The crux of the matter
Too many questions. Not enough space. It’s flattering to be asked for an opinion on cricketing issues, although you often wonder if the questioner is really interested in entertaining a different point of view or merely wants validation of his or her own perspective. For what it’s worth though, here are responses to some matters that came up over the past week.
Question: You hear about the latest bacchanal with (name withheld) that gone viral? Answer: No, and I’m not interested. One of the very, very few regrets of being involved in the sports media is getting to really know prominent personalities who were previously admired for their cricketing ability from a comfortable distance. Not all fall into the category of obnoxious, pompous jackasses of course, but there are more than enough who fit the bill so as to make all this “role model” talk complete foolishness.
Role model on the field of play, maybe. But whatever it is they’re getting up to beyond the boundary is of absolutely no interest to me. Why so many are so fascinated with the salacious private lives of prominent sports personalities is a little bit bewildering, because expecting moral rectitude from high-profile individuals in an immoral, increasingly hedonistic society is more than a little hypocritical.
Question: You think the new captain could handle them West Indians? Answer: Even in the market, when I’m extracting $12 from the wallet to pay for a handful of bodi, disciples of Denesh Ramdin are concerned that he is going to be set up by “them” (meaning all the non-Trinis, of course) and then be sacked as a failure.
It’s no longer intriguing to see how parochially defensive people can be when it comes to the regional team, concocting conspiracy theories well in advance in anticipation of some dastardly plot to undermine their hero, just because he happens to come from our beloved twin-island paradise, or worse, that he is of Indian descent and will therefore have to face the black brethren who will do anything to make the new captain look bad.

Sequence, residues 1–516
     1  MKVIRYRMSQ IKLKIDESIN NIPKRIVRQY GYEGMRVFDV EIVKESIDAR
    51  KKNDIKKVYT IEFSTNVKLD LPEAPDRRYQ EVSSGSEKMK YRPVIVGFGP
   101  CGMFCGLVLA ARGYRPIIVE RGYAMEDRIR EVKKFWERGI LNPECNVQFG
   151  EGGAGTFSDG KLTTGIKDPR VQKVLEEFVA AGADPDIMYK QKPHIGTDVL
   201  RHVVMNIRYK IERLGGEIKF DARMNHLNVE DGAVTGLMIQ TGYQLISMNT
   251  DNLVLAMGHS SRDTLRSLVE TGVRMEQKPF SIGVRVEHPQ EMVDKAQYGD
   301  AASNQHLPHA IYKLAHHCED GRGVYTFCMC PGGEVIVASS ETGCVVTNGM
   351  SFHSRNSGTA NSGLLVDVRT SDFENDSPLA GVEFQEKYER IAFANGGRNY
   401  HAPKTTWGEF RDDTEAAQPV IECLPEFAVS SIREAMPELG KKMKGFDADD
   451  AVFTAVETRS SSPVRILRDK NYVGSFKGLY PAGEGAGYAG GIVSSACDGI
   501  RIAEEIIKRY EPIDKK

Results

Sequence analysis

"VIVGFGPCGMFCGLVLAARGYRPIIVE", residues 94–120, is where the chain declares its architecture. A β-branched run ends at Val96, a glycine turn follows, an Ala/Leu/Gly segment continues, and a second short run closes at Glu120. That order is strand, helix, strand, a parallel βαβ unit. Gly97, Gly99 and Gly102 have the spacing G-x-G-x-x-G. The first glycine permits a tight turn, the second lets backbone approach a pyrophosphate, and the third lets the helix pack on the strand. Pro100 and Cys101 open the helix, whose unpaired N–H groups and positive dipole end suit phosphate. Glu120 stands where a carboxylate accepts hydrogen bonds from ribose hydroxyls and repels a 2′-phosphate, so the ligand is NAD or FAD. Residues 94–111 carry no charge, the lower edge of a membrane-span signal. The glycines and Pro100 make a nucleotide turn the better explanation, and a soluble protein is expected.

All of which conveniently overlooks the well-established reality that the West Indies, especially in Test cricket, are distressingly mediocre and have been for the better part of the last 19 years. Every other captain since 1995 was apparently an incompetent joker.
But Lara, Ganga and now Ramdin (even Chanderpaul and Sarwan because they’re “Indian”)? Well, it surely can’t be their fault when the team loses, can it? Heartening to know then that there will be enough black fellas to take the blame from the first Test against New Zealand starting on Sunday in Kingston.
Question: You heard Sir George Alleyne’s brilliant address at the Sir Frank Worrell Memorial Committee thing last Tuesday? Answer: No, because even though I’m not allergic to cobwebs and I’m sure the committee members are all very well-intentioned, why would I want to endure another exercise featuring the same group of people speaking to the same dwindling audience, trying to show how bright they are while failing to make any effort to connect with contemporary cricketers or a younger audience generally?
Look, I hosted (and was promptly paid, I might add) for hosting the SFWMC’s media interactive session the day before at the Queen’s Park Oval, and even though the assembled media practitioners’ failure to interact with Sir Wes Hall and Tony Cozier spoke volumes, at least this was an effort to reach the wider community.
But the by-invitation-only event on Tuesday up at UWI? I’m trying to think of someone who plays cricket at the moment and would be entranced by the Chancellor’s reference to the “classic Pygmalion effect” or his assertion that the arguments put forward for Worrell to be the first appointed black West Indies captain in 1960 “created a vis a tergo so strong that the collected clamour for cricketing justice could not be denied.”
This is not about dumbing down the message but taking off those colonial vestments and connecting with ordinary people on a topic they need to understand. I first learnt about Sir Frank reading a comic book about his life 40 years ago, and I know that I know more and have a greater appreciation of his contribution to the West Indies and the cricketing world than some of those supposed legends who rubbished his legacy in that shameless piece of shabby propaganda known as “Fire in Babylon”.
Question: What it is the West Indies Board have against Sunil Narine? Answer: Nothing. Just read TC’s assessment of the situation in yesterday’s Express. Then again, no kind of explanation will shift you from your opinion, will it? Sometimes I wonder why people even bother to ask questions.